This happened to an Aboriginal family in outback New South Wales. It is happening across Australia in a scandalous and largely unrecognised abuse of human rights that evokes the infamous Stolen Generation of the last century. Up to the 1970s, thousands of mixed race children were stolen from their mothers by welfare officials. The children were given to institutions as cheap or slave labour; many were abused.
Described by a Chief Protector of Aborigines as “breeding out the colour”, the policy was known as assimilation. It was influenced by the same eugenics movement that inspired the Nazis. In 1997, a landmark report, 'Bringing Them Home', disclosed that as many 50,000 children and their mothers had endured “the humiliation, the degradation and sheer brutality of the act of forced separation ... the product of the deliberate, calculated policies of the state”. The report called this genocide.
Assimilation remains Australian government policy in all but name. Euphemisms such as “reconciliation” and “Stronger Futures” cover similar social engineering and an enduring, insidious racism in the political elite, the bureaucracy and wider Australian society. When in 2008 Prime Minister Kevin Rudd apologised for the Stolen Generation, he added: “I want to be blunt about this. There will be no compensation.” The Sydney Morning Herald congratulated Rudd on a “shrewd manoeuvre” that “cleared away a piece of political wreckage that responds to some of its supporters’ emotional needs, but changes nothing.”
Today, the theft of Aboriginal children – including babies taken from the birth table – is now more widespread than at any time during the last century. As of June last year, almost 14,000 Aboriginal children had been “removed”. This is five times the number when 'Bringing Them Home' was written. More than a third of all removed children are Aboriginal – from 3% of the population. At the present rate, this mass removal of Aboriginal children will result in a stolen generation of more than 3,300 children in the Northern Territory alone.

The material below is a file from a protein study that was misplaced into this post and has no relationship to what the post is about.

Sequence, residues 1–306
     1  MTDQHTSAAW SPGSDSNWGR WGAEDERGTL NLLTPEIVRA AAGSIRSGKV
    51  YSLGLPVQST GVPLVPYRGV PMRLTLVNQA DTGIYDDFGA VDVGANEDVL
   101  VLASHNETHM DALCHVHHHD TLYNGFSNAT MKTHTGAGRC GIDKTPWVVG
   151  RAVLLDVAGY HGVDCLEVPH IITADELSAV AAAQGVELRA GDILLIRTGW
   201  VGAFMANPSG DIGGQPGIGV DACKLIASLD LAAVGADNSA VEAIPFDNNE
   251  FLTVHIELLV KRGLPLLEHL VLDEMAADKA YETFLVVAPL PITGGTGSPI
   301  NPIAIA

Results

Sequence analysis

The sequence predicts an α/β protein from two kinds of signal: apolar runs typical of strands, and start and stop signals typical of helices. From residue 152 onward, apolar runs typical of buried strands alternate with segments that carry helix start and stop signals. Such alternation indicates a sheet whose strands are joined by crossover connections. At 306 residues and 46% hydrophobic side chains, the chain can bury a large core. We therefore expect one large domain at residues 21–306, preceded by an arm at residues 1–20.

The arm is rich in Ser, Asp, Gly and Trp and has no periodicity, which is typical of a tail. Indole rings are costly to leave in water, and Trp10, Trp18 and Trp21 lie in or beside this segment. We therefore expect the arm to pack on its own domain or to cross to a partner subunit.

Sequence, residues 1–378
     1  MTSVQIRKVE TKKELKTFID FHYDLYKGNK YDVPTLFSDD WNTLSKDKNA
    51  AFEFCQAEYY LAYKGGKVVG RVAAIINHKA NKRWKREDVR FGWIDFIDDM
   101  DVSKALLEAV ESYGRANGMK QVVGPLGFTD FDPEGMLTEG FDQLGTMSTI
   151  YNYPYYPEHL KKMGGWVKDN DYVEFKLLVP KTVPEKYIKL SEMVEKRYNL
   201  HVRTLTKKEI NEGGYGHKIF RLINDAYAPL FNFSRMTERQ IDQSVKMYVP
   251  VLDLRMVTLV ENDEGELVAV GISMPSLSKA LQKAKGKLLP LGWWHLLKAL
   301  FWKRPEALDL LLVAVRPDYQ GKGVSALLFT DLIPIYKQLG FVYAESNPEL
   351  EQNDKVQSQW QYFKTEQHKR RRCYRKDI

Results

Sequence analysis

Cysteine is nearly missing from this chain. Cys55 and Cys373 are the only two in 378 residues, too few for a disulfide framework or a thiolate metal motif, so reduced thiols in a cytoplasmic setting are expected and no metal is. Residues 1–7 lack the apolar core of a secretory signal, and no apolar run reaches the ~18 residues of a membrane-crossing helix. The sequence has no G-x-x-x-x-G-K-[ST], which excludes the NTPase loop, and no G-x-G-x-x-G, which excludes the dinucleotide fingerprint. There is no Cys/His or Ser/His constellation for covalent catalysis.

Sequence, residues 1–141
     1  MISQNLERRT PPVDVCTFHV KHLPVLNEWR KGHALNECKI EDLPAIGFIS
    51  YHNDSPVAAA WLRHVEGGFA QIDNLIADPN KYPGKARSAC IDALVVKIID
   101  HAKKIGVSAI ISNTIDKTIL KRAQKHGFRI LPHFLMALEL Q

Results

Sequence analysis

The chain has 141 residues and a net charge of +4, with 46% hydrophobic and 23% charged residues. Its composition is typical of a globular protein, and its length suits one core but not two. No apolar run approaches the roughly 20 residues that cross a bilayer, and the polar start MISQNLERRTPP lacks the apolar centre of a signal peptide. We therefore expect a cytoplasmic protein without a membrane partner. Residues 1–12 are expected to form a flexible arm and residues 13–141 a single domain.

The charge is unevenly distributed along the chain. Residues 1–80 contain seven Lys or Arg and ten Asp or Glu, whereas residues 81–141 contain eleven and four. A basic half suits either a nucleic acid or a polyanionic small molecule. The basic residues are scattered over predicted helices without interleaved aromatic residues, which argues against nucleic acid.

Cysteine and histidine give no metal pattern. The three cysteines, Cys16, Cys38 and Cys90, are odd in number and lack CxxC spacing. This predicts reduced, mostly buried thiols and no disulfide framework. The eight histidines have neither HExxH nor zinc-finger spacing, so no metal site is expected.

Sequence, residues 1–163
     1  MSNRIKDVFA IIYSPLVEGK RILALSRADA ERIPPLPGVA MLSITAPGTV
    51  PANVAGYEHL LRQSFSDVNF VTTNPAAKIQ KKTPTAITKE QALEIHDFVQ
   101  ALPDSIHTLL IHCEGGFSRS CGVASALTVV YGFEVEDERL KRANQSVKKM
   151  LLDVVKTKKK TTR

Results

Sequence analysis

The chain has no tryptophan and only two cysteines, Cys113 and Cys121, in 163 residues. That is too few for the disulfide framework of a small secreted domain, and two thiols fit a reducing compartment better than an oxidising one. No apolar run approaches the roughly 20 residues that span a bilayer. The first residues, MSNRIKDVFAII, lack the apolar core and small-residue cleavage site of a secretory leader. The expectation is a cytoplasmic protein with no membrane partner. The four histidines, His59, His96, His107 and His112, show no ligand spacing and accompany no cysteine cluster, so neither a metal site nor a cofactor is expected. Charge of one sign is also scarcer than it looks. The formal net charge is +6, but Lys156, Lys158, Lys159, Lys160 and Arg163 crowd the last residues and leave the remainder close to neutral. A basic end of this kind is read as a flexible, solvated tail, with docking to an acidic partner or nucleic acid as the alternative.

Pat (not her real name) is the mother whose anguish was secretly recorded on a phone as four Department of Child Services officials, and six police, descended on her home. On the tape an official claims they have come only for an “assessment”. But two of the police officers, who knew Pat, told her they saw no risk to her child and warned her to “get out of here quick”. Pat fled, cradling her infant, but the one-year-old was eventually seized without her knowing why. The next morning a police officer returned to apologise to her and said her baby should never have been taken away. Pat has no idea where her son is.
Once, she was “invited” by officials to bring her children to "neutral" offices to discuss a “care plan”. The doors were locked and officials seized the children, with one of the youngest dragging on a police officer’s gun belt. Many Indigenous mothers are unaware of their legal rights. A secretive Children’s Court has become notorious for rubber-stamping removals.